Sen. Chuck Schumer appealed Monday to the Internal Revenue Service to honor prepayments of 2018 property taxes after he said more than 138,000 Long Islanders rushed to make the payments at the end of last year in the hopes of getting a deduction on their federal tax returns.
Schumer (D-N.Y.) was joined by a bipartisan slate of local elected officials — Nassau County Executive Laura Curran and Town of Hempstead Supervisor Laura Gillen, both Democrats, and Councilwoman Erin King Sweeney and Town of Hempstead Receiver of Taxes Don Clavin, both Republicans — at a news conference at Clavin’s office in Hempstead.
Schumer also sent a letter to acting IRS Commissioner David Kautter. “Long Island and New York taxpayers are confused about this hastily written tax law and need clarity, consistent with the law, on provisions that may cause them to see a tax hike,” he wrote.
The new federal tax law caps state and local tax deductions, known as SALT, at $10,000. In 2016, average property tax bills were $11,232 in Nassau and $9,333 in Suffolk, according to an analysis by Attom Data Solutions, a California-based company that tracks real estate data.
“No place was probably hurt more than Long Island — in America — when they did that,” Schumer said at the news conference.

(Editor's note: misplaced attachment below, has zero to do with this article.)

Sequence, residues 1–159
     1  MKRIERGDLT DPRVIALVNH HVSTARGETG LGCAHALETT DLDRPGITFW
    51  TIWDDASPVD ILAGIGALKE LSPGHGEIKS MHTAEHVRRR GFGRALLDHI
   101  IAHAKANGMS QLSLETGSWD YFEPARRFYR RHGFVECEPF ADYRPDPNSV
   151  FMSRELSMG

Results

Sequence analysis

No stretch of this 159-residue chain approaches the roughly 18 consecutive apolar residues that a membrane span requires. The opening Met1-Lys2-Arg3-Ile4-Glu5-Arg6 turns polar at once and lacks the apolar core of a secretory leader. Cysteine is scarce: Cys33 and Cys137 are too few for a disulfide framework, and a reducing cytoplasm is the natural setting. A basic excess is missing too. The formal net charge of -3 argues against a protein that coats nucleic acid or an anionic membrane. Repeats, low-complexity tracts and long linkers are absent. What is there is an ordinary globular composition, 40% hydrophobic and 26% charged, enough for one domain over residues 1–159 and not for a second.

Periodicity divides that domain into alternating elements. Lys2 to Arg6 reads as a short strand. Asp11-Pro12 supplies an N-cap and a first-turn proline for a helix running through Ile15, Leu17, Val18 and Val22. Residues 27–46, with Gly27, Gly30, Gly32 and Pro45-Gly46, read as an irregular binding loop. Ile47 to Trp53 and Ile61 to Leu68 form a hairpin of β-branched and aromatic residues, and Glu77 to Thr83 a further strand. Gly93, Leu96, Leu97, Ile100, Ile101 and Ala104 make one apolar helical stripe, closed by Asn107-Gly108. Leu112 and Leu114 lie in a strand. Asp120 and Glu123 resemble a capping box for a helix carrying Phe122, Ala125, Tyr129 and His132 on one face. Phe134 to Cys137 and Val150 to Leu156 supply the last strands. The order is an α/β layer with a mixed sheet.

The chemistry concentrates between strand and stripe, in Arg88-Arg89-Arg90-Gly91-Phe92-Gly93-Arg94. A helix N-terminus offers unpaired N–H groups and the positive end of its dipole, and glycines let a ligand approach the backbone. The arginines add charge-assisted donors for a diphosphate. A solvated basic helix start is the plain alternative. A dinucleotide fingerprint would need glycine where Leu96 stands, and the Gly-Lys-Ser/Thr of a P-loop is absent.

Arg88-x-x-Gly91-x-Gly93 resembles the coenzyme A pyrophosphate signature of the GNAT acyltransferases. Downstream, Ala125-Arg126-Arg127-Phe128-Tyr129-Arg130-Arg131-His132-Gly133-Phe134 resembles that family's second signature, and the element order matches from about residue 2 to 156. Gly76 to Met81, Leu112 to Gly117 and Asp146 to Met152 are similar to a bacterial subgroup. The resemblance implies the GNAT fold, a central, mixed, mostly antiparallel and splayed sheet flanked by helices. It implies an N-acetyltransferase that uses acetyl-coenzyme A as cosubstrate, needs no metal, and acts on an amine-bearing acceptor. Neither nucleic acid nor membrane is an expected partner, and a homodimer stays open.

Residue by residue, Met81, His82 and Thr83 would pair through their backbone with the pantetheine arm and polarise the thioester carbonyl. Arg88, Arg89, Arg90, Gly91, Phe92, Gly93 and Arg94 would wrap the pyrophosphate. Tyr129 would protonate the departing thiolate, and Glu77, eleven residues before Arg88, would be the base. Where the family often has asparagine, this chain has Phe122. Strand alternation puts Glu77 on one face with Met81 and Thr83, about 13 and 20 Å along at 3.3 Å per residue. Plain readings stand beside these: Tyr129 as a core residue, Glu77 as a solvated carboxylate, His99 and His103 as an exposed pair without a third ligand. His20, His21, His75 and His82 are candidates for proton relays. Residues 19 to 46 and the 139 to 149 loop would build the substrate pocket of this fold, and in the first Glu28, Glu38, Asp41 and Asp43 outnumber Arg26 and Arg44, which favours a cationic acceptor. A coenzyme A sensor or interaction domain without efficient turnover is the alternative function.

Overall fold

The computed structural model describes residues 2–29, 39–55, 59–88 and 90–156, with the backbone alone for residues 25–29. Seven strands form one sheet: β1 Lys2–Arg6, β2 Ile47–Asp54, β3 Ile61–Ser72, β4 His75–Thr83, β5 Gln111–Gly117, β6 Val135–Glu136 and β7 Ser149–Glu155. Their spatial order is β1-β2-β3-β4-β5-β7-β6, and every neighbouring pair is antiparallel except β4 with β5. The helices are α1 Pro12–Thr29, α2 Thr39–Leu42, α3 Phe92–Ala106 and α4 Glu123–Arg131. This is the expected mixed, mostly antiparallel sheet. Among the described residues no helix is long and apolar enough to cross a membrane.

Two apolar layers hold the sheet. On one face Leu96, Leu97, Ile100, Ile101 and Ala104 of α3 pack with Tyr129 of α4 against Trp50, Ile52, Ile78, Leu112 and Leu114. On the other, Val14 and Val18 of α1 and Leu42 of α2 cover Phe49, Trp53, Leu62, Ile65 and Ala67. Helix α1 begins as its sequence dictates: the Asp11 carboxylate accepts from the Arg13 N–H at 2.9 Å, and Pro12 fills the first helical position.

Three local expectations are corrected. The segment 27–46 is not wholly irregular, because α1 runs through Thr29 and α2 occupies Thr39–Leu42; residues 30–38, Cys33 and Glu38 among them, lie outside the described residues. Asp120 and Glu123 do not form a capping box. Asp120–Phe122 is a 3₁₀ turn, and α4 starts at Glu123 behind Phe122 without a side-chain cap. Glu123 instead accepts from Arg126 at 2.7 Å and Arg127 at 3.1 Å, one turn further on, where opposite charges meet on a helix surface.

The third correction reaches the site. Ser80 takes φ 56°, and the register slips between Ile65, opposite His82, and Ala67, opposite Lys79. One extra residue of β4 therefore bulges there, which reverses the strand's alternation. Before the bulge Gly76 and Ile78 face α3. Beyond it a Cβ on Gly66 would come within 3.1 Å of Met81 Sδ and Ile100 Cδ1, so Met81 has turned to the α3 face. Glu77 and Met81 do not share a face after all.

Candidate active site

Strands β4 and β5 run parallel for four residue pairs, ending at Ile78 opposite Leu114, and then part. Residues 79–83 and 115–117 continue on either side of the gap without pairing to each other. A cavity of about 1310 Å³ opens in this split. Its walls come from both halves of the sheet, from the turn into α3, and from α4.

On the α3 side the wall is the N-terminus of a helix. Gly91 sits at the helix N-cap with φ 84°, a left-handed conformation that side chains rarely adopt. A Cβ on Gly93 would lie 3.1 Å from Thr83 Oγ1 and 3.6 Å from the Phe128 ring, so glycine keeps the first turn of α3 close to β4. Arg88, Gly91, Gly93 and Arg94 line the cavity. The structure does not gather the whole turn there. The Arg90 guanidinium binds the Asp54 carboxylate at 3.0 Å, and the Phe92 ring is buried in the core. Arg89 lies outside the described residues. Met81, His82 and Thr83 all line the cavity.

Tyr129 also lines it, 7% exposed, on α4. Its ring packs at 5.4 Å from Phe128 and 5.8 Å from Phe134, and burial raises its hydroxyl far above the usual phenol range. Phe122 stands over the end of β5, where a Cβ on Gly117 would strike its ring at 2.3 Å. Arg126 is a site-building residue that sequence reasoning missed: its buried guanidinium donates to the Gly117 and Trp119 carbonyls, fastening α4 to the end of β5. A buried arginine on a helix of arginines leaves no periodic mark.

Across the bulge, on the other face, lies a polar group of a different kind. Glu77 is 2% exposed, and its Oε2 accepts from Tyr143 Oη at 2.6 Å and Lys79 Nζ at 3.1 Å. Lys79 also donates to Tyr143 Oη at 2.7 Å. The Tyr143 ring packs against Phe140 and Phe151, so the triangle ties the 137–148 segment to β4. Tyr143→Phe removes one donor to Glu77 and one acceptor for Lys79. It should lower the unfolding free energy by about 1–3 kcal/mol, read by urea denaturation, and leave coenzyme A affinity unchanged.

Schumer wants the IRS to allow taxpayers to claim their full SALT deductions. “We despise the SALT cap,” he said. “We’re pushing to reverse it in every legislative way that we can.”
The IRS did not reply Monday to a request for comment.
In response to the federal tax code revision, Gov. Andrew M. Cuomo signed an executive order in December allowing prepayment of 2018 taxes across the state, including in municipalities where it wasn’t previously allowed, such as Nassau County.
Property owners across Long Island flooded their tax receivers’ offices in the week between Christmas and New Year’s to prepay their 2017-2018 second-half school taxes and 2018 general taxes, including more than 43,000 taxpayers in Hempstead and 25,000 in Brookhaven. The IRS has said properties that were assessed in 2017 and the taxes on them paid by the end of 2017 probably will be deductible, but anticipated taxes will not — guidelines which Schumer has asked the IRS to rescind because the senator said they are not supported by law.
“We call on the IRS to honor these hardworking men and women here in the Town of Hempstead who scrambled over the holidays through the final week of December to prepay their taxes,” Gillen said. “They dropped what they were doing, braved the cold weather and waited on long lines just to save a little bit of money and keep a little more money in their pockets.”
Prepayments on 2017-2018 second-half school taxes and 2018 general taxes made between Dec. 22 and Dec. 31, 2017:
North Hempstead: 21,300
Oyster Bay: 21,000
Glen Cove: 597
Long Beach: 520
East Hampton: 14,961
Shelter Island: 953
Huntington, Islip, Southampton, Riverhead, Southold: Data not available
Source: Sen. Chuck Schumer’s office